By Doug Ward
Teachers and administrators say they want to see more innovation in teaching but blame each other for creating obstacles to experimentation, The Hechinger Report writes.
In the article, Jordan Shapiro says that lack of a “dependable shared language” may contribute to the problem. Education buzzwords abound, but clear definitions of those buzzwords are in shorter supply (see Audrey Watters below). That makes it harder to gauge what administrators want or what teachers are doing, Shapiro says.
Colleges and universities have additional problems when it comes to innovative teaching. In some cases, neither administrators nor instructors see much value in pursuing changes in teaching, making it easy to point a finger at someone else while continuing on the same easy but ultimately directionless path. A lack of recognition of and rewards for innovative and effective teaching further hinders change. And I agree with Shapiro that we need to do a better job of explaining what we mean by innovation and effective teaching.
One way to bring about change is to reach out to faculty and administrators who do value teaching, creating a community that demonstrates ways to improve teaching and learning, and helps others take small but meaningful steps toward change. That approach has worked well at the Center for Teaching Excellence with such efforts as the Best Practices Institute and the C21 Consortium, along with our annual teaching summit and periodic workshops and discussions.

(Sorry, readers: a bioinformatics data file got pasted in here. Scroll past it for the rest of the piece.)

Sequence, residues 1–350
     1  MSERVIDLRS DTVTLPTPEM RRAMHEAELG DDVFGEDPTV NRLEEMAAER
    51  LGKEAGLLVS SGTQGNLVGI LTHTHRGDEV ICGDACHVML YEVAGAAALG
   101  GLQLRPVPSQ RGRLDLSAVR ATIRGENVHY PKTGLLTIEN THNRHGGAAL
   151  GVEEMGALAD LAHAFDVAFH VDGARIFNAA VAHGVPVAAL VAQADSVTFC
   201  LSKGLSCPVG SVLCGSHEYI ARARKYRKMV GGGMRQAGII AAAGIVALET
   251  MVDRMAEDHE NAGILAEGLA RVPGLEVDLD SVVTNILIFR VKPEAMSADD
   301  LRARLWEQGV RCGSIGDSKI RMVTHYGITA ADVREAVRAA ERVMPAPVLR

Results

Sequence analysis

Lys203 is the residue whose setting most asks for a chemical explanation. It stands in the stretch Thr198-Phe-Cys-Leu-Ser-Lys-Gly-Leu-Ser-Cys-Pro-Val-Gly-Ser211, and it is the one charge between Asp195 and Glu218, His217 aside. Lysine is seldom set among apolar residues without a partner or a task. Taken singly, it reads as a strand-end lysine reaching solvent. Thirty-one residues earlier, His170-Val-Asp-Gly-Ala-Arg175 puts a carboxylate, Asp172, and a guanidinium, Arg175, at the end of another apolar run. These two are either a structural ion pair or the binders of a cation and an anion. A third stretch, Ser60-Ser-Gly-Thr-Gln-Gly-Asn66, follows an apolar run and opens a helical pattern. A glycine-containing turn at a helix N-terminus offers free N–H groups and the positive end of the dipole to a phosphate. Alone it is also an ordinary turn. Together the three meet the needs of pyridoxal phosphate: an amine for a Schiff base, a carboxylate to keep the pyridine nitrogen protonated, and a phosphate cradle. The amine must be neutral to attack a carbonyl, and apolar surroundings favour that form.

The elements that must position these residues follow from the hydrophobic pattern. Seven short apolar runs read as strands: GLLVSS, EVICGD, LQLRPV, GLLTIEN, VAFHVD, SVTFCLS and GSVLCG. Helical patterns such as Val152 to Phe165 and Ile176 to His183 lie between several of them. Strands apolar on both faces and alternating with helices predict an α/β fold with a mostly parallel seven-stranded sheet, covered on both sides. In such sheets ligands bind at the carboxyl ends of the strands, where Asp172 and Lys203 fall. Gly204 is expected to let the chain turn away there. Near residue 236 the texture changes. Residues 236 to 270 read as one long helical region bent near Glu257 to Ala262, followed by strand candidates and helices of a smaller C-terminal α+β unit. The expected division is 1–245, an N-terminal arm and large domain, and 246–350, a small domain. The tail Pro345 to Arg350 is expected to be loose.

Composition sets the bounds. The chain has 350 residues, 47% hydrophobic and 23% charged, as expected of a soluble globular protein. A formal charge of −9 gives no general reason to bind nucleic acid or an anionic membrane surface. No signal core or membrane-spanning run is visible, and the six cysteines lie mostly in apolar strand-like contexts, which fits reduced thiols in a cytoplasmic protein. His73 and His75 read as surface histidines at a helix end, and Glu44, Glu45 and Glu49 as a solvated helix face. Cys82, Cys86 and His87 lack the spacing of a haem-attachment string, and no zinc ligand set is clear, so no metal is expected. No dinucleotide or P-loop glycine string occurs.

Those and other events have generated new ideas for improving student engagement and student learning, promoting reflective teaching, and spreading the word that change is indeed possible from within.
Predictions for 2015 and beyond
Predictions abound at the beginning of every year. Among the publications, organizations and blogs I follow, here are some of the predictions that stood out:
- More state regulation of higher education. (Forbes)
- Increased support for competency-based education programs. (eCampus News)
- Increased pressure from students for college to be “faster, cheaper and more customizable.” (eCampus News)
- Growth of adaptive, personalized learning, and “just-in-time knowledge.” (University Business)
- Possible plateauing of online education. (e-Literate)
- Continued growth in a bring-your-own-device approach to technology, personalized learning, and the use of tablets in K-12 education. (The Journal)
- More attention on student behavior at college campuses. (NPR)
- More of the same empty buzzwords: MOOCs, cloud, big data, social, disruptive innovation, blended learning, personalized learning, efficiency, game-changers, learning outcomes, blah, blah, blah. (Audrey Watters)
Tuition from students now accounts for more revenue than state financing at public colleges and universities in the United States, USA Today reports, citing a report from the Government Accountability Office. … The Chronicle of Higher Education has released A Guide to the Flipped Classroom, a downloadable booklet that includes seven articles from the Chronicle, along with a short list of resources. Download requires a name, title and email address.
Doug Ward is an associate professor of journalism and the associate director of the Center for Teaching Excellence. You can follow him on Twitter @kuediting.